For any category C and topological space X we have the notion of a C-valued presheaf on X.
What assumptions must be made about C in order that we have the notion of such a presheaf being a 'sheaf'? I understand the definition of the sheaf properties using an equalizer diagram which assumes C has products and a final object. Is this definition 'standard'?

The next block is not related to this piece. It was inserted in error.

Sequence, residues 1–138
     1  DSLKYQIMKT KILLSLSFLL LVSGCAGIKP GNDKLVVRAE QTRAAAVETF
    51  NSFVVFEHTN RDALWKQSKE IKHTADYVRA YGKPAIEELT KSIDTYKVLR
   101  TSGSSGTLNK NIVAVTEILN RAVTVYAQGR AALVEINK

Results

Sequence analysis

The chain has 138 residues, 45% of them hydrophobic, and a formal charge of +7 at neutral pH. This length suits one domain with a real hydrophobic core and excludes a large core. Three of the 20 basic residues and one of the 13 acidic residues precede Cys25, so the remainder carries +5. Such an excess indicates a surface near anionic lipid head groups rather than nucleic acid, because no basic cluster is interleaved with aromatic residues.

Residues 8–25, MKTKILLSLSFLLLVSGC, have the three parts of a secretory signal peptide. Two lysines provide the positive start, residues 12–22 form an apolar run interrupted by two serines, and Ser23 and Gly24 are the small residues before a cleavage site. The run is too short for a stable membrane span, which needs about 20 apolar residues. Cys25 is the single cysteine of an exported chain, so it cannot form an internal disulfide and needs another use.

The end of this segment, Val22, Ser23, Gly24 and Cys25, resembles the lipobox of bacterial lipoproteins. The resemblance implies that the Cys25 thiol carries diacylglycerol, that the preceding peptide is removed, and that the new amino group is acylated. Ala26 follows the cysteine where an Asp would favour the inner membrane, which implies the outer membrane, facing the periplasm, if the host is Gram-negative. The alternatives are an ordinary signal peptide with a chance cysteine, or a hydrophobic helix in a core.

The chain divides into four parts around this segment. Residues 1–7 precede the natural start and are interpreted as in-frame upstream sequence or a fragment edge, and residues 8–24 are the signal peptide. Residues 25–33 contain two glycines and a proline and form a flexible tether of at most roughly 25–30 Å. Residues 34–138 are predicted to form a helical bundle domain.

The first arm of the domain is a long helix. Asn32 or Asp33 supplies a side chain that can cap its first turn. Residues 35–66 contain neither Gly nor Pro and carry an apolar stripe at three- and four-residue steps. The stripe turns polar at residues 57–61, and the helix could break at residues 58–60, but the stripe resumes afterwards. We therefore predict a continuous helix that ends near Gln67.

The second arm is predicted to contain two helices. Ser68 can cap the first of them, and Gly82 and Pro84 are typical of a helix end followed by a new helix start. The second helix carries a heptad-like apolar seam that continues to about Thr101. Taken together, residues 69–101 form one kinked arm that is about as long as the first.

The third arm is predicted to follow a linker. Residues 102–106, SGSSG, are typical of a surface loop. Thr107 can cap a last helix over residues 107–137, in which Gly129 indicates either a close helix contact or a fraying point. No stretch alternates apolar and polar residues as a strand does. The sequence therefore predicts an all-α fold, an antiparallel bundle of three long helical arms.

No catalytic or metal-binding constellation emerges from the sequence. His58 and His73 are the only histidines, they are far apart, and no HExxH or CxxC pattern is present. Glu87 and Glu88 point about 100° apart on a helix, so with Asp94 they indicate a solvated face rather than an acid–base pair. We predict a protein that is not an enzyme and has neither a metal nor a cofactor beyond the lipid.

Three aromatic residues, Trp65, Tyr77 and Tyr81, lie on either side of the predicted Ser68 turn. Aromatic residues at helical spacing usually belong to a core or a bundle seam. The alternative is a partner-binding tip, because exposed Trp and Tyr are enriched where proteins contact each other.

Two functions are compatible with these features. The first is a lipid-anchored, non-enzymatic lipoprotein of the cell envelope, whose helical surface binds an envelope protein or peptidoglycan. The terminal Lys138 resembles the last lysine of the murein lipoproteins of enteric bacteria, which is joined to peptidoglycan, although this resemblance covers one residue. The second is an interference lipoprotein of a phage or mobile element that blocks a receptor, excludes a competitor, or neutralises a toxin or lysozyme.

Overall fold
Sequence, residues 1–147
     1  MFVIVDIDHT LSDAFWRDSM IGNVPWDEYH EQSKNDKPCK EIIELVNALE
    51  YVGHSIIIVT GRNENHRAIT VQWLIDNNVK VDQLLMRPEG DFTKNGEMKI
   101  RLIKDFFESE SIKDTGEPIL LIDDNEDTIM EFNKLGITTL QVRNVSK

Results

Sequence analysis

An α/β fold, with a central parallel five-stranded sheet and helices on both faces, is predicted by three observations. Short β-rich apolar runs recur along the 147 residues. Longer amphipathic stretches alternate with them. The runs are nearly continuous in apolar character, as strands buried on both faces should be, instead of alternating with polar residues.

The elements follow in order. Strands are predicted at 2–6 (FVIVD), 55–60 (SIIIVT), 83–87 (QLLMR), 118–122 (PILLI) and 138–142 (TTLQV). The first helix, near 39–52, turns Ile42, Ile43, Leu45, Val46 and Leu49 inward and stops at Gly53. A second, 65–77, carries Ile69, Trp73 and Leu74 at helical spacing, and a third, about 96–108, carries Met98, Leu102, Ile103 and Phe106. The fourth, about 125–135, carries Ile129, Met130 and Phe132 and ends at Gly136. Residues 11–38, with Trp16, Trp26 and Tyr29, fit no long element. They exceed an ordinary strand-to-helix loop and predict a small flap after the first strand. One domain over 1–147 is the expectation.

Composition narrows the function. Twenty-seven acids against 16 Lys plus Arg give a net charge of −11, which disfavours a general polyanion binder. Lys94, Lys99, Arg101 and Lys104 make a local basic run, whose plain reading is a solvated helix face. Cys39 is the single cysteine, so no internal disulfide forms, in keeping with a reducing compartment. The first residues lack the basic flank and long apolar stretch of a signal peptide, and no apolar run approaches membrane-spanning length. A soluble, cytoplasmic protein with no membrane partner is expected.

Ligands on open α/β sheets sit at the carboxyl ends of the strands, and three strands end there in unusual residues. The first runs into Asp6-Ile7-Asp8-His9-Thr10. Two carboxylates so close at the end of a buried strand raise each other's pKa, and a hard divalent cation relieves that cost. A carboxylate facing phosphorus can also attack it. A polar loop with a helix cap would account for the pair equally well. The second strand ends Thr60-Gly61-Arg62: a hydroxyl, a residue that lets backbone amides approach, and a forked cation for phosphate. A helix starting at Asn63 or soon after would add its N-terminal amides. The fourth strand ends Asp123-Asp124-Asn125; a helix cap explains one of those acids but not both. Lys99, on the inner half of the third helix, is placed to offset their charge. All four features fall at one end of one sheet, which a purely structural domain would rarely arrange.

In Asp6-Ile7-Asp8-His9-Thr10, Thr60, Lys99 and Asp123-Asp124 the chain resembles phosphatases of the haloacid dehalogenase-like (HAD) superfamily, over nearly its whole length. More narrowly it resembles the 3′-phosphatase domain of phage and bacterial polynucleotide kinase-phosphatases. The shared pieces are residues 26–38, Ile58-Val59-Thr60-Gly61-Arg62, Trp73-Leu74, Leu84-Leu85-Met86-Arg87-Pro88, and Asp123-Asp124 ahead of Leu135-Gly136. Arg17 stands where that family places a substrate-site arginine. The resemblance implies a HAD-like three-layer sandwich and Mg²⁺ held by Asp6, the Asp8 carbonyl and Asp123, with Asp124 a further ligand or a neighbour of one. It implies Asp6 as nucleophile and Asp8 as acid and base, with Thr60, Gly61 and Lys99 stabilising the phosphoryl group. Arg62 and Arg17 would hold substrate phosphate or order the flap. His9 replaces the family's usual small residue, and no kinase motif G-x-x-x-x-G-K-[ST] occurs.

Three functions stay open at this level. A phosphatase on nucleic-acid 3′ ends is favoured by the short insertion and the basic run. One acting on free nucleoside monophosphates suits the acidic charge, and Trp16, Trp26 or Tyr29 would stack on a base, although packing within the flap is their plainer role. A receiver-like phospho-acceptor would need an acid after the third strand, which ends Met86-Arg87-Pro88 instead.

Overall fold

Secondly, the definition of a sheafification of a presheaf in terms of the obvious universal property makes sense for any category C (for which the notion of sheaf makes sense). But what assumptions must be placed on C in order for such a sheafification to exist? For presheafs of sets I know the construction via the étale space of the presheaf (namely, the sheafification can be constructed as the sheaf of sections of the projection E->X of the etale space E onto X). This construction works in general right?